Bloomberg Línea — The Argentine national soccer team’s victory in the 2022 World Cup in Qatar on Sunday is the country’s third title in the tournament, following triumphs in 1978 and 1986, and the first time since 2002 that a South American nation has lifted the trophy, with Brazil having won that year, defeating Germany in the final.
But while the Argentine people are celebrating in the streets, the Argentine team’s directors were already thinking about how to exchange the US dollar-denominated prize money amid the exchange rate hike.
The national soccer team’s potential victory was one of the topics discussed last Thursday at the end of the meeting of the board of directors of the Central Bank of Argentina, according to Bloomberg News.
At the meeting, officials discussed the dollar-denominated prize money that the Argentine Football Association will receive, which implied $42 million from FIFA for winning the World Cup.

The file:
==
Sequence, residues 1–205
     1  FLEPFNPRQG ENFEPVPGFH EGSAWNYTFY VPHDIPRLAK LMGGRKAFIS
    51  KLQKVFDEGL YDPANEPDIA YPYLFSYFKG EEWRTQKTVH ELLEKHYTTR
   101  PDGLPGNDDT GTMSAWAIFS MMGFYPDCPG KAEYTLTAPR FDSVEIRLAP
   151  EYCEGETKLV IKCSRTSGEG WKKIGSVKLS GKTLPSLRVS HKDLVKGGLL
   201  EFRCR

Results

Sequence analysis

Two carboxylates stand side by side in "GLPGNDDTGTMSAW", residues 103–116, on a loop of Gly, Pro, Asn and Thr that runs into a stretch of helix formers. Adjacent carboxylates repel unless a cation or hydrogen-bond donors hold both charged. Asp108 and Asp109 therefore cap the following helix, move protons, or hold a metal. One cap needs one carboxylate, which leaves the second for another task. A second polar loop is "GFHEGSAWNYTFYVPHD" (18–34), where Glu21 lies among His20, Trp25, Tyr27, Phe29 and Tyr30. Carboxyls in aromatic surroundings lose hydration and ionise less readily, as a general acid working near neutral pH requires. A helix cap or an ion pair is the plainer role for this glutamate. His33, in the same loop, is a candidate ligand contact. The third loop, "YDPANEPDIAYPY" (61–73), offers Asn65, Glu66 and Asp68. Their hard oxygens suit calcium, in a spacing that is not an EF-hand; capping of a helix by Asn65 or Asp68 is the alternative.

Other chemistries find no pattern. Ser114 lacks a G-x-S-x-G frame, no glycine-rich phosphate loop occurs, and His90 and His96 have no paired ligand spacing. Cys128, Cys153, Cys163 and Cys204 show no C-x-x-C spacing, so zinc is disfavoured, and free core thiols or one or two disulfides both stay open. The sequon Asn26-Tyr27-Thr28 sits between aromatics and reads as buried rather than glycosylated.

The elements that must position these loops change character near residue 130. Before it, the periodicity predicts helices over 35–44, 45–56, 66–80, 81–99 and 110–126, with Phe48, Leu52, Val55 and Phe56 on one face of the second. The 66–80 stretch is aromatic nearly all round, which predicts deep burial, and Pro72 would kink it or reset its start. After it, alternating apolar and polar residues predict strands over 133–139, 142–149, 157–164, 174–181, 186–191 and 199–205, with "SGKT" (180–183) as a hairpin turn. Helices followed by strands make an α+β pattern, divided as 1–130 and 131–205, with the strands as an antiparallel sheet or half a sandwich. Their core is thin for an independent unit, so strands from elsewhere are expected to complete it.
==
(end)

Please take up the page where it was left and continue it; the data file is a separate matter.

If Argentina had lost to France in Sunday’s final, it would have been liable to lose $30 million, Bloomberg News quoted a person with direct knowledge of the talks as saying.
Argentina’s team is also expecting another $10 million, pledged by the South American soccer association (Conmebol), which pledged the payout should the team led by Leonel Messi become the 2022 world champions.
However, the central bank believes that the euphoria sparked by the team’s win will not result in concessions.
According to the country’s financial regulations, the national soccer team will have to exchange its prize money in US dollars on the official exchange market, at a rate of around 172.70 pesos per dollar, which is half the value at which the peso is traded in the capital markets, where the exchange rate is 324 per MEP dollar.
The operation, which must be carried out within five days from the moment the prize money is received, would mean a loss of up to 7.86 billion pesos ($45.5 million) for the country’s soccer team.
At the same meeting of the the board of directors of the Central Bank of Argentina there was also talk of a 1,000-peso bill with the image of Lionel Messi. Argentina has already issued commemorative coins at key moments, such as the 1978 World Cup celebration, the Bicentennial in 2016 and the 50th anniversary of Eva Perón’s death.